Britain after Rome: The Fall and Rise 400-1070 by Robin Fleming

Britain After Rome: The Fall and Rise, 400 to 1070: Anglo-Saxon Britain Vol 2 Book Cover Britain After Rome: The Fall and Rise, 400 to 1070: Anglo-Saxon Britain Vol 2
The Penguin History of Britain
Robin Fleming
History
Penguin
May 2011
Paperback
480

The enormous hoard of beautiful gold military objects found in a field in Staffordshire has focused huge attention on the mysterious world of 7th and 8th century Britain. Clearly the product of a sophisticated, wealthy, highly militarized society, the objects beg innumerable questions about how we are to understand the people who once walked across the same landscape we inhabit, who are our ancestors and yet left such a slight record of their presence.

Britain after Rome brings together a wealth of research and imaginative engagement to bring us as close as we can hope to get to the tumultuous centuries between the departure of the Roman legions and the arrival of Norman invaders nearly seven centuries later. As towns fell into total decay, Christianity disappeared and wave upon wave of invaders swept across the island, it can be too easily assumed that life in Britain became intolerable - and yet this is the world in which modern languages and political arrangements were forged, a number of fascinating cultures rose and fell and tantalizing glimpses, principally through the study of buildings and burials, can be had of a surprising and resilient place.

The result of a lifetime of work, Robin Fleming's major new addition to the Penguin History of Britain could not be more opportune. A richly enjoyable, varied and surprising book, Britain after Rome allows its readers to see Britain's history in a quite new light.

David’s Review

The glory and maybe the frustration of this book is the amazing archaeological stories Robin tells. For instance; the story of 2 women buried in the same grave. The first was a high status woman, reasonably young (18-24) in good health (well, before she died obviously), and buried in a wooden coffin. On top of the coffin was the skeleton of another woman, older, between 35 and 45. She lay on her stomach, head twisted to the left, arms bent up and out, fist clenched, knees bent up under her, and on her back a heavy stone. It seems she had been thrown into the pit; she’d struggled up on her knees until someone heaved a heavy quernstone onto her lower back and fractured her pelvis.  And then she was buried alive on the coffin of the other woman.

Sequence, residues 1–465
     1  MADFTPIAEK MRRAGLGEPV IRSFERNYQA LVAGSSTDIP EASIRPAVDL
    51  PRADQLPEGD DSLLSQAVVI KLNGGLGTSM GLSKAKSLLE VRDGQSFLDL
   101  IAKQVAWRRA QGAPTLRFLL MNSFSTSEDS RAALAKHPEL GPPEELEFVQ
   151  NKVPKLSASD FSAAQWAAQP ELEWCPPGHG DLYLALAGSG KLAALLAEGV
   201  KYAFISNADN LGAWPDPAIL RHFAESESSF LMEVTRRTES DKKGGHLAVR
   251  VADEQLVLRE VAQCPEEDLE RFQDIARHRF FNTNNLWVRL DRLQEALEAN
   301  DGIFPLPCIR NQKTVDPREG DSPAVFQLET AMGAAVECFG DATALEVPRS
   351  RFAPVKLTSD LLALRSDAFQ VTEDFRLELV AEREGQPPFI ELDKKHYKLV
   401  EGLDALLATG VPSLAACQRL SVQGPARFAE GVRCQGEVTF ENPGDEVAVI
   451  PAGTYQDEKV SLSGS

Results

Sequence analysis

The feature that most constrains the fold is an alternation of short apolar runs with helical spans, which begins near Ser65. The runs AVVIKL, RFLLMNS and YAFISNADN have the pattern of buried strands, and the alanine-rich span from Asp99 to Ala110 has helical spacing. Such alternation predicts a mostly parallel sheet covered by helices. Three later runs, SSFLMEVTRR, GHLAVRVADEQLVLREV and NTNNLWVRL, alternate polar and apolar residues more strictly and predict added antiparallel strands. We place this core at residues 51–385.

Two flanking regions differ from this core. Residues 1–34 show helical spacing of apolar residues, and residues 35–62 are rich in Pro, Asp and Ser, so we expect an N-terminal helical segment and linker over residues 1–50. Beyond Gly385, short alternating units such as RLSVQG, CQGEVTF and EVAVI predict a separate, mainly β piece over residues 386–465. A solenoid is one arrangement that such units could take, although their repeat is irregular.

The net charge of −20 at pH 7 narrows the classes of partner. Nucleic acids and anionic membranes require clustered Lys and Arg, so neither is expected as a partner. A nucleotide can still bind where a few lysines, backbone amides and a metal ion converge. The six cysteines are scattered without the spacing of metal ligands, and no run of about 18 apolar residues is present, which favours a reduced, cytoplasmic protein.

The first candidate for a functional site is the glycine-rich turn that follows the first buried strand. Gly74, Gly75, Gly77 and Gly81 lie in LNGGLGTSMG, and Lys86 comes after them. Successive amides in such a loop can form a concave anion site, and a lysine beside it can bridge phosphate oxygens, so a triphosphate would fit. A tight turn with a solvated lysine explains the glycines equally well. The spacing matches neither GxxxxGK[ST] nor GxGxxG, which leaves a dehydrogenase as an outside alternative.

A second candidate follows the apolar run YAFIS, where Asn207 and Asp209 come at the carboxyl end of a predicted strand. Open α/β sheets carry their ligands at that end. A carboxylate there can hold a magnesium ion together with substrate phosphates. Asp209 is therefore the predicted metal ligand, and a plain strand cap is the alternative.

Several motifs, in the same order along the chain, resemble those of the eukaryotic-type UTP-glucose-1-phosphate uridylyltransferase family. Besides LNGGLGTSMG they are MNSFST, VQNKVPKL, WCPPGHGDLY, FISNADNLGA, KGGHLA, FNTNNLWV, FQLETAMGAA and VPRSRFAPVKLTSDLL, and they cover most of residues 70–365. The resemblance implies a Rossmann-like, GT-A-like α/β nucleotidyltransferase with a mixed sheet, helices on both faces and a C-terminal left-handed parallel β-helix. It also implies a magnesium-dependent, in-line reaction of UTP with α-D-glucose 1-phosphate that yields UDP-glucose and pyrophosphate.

These stories are littered through this book. Robin Fleming very consciously takes a less traditional approach to the Anglo Saxon period than most; there’s relatively little about political history, much more on economic and social, and it might well be argued that this is a more balanced approach, and much less focus on what the textual history tells us. It has a distinct flavour which is at times challenging and invigorating, and at others mildly annoying – it’s a book I think that makes you react. I loved the real insights that the focus on archaeological evidence gave into the lives of everyone, not just the social winners; though at the same time, there’s sometimes too much of the archaeology – the detail can get in the way of understanding the bigger picture, and the frustrating thing is that there are often no answers, of course, to the story archaeology tells.

The bit I found least convincing was the idea that much of the early migration was peaceful, migrants fitting into a kind of egalitarian community building. There’s no doubt that generally the author’s vision of the real world of the migrations is much more convincing than the older, traditional view of the migrations would have it, but I help but feel it must have been accompanied, even in the early years, by a substantial degree of violence.

The last chapter and the attempt to paint a picture of what life must have been like is brilliant, and I’d say this book is essential reading for anyone wanting to understand the Anglo Saxon age. But I would recommend reading it alongside a more traditional book which gives more importance to textual sources and the political framework.

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